Alexander leaves legacy of dedication
By Shannon Beamon, for the SNAP
Long-time city councilman and local philanthropist Troy Alexander died Thursday at age 94.
Alexander served on the Albemarle City Council for 28 years and volunteered for more than 60 years on nonprofit boards and commissions.
“Troy was a highly dedicated man,” said Mayor Ronnie Michael, who worked with Alexander — first as police chief and then as a fellow council member — for about 15 years.
“He was dedicated to his family and his church first, but gave that same dedication to the city as a whole,” Michael said.
In past interviews, Alexander accredited that attitude to God and to his time as a Marine.
He was about 21 when the United States entered World War II and he joined the Marines.
Along with mastering new radios and going to gunnery school, his military stint showed him that taking responsibility meant taking action.
And upon coming home, he put that into action.
Along with getting married, having two daughters and getting his degree in accounting to work for Cannon Mills, Alexander began volunteering with First Lutheran Church in Albemarle, the local Rotary Club and the newly emerging YMCA.
In fact, even after he retired from Cannon Mills — as a vice president with 40 years of experience under his belt —Alexander continued to serve with those non-profit groups, remaining in leadership positions until the day he died.
“This Y would not be here if it were not for Troy and the people who worked with him,” Stanly County YMCA director George Crooker said.
Alexander served on its board for about 63 years.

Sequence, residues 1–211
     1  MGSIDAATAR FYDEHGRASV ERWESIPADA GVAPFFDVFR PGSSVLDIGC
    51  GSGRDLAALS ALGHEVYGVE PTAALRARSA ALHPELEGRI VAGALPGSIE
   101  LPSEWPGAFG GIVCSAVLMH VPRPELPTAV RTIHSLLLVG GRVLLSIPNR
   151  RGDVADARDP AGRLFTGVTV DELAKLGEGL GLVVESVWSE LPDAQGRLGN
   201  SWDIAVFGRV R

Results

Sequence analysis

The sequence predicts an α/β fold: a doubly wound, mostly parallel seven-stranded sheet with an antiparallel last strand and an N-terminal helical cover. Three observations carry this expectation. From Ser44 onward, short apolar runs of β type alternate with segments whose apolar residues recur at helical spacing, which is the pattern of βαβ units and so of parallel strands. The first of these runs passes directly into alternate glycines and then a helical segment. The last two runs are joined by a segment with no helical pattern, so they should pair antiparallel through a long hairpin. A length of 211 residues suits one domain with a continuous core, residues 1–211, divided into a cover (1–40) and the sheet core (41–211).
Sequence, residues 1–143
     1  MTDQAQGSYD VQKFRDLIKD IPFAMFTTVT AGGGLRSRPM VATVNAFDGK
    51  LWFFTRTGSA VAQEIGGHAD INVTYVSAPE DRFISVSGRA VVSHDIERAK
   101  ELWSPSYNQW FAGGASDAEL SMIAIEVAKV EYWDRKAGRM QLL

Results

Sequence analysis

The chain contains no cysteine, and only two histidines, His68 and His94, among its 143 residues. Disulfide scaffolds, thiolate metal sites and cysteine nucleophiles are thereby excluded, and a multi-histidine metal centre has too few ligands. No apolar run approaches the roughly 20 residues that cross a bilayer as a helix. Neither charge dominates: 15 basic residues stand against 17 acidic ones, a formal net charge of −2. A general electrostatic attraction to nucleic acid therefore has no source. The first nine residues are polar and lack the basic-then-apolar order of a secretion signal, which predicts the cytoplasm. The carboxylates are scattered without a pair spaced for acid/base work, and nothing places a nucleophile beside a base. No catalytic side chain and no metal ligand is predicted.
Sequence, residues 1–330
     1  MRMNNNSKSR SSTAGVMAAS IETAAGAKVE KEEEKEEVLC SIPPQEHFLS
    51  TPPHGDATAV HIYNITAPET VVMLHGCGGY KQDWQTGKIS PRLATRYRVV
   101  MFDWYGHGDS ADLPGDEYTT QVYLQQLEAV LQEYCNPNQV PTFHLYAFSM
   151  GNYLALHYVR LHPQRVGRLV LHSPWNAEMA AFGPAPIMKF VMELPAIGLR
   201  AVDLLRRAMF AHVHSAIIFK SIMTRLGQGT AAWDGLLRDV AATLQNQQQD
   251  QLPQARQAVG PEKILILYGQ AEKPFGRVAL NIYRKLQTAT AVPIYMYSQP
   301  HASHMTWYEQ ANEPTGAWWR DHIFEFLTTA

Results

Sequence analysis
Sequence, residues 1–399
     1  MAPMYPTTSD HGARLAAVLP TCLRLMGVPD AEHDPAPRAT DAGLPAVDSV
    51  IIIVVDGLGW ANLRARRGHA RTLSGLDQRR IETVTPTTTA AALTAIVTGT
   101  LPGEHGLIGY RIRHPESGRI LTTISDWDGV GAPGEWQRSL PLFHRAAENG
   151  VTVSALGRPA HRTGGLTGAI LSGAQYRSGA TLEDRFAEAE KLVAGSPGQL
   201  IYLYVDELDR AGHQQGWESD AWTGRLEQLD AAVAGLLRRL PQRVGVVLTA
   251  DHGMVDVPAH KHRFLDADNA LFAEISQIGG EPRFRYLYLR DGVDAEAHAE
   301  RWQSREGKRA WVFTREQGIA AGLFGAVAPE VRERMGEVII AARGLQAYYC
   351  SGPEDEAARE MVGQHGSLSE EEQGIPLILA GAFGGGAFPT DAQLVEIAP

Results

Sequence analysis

“He was absolutely instrumental in starting a foundation for us,” Crooker said. “He ensured we had a nest egg to move into the future and then the board grew it substantially over the years. There’s no doubt, his church and this Y were his passion.”
And while many would have considered that as a full retirement, Alexander was not done.
Joining the city council just a couple years after stepping down from Cannon Mills, Alexander remained on it until he was 90.
During those years, he pushed for everything from water and sewer infrastructure upgrades to new amenities like City Lake Park and the Roger Snyder Greenway.
“But I think what everyone remembers him most for is his character,” Michael said. “Troy Alexander was a gentleman in every sense of the word. And in every situation.”
Whether asking questions of contractors, thanking citizens who came in with complaints or suggesting that the city adopt initiatives like recycling, Alexander was always respectful, sharp, and steady, both staff and council members said when he stepped down from office in 2015.
In 10 terms in office, Alexander only once ran campaign ads.
“He was a man of few words, but when he said it you knew he meant it,” Michael said. “He always did as he said.”
“The term role model doesn’t even begin to cut it,” he said, looking back on seven years of working with Alexander.
“They just don’t make people like him anymore,” Crooker said. “He was humble, a servant-leader in every sense of the word… we are a better Y, and I’m a better man, because of him.”
In order to give people a chance to recognize Alexander, a memorial service will be at 11 a.m. Friday at First Lutheran Church in Albemarle.
Alexander is survived by his two daughters, grandchildren, great-grandchildren and great-great-grandchildren.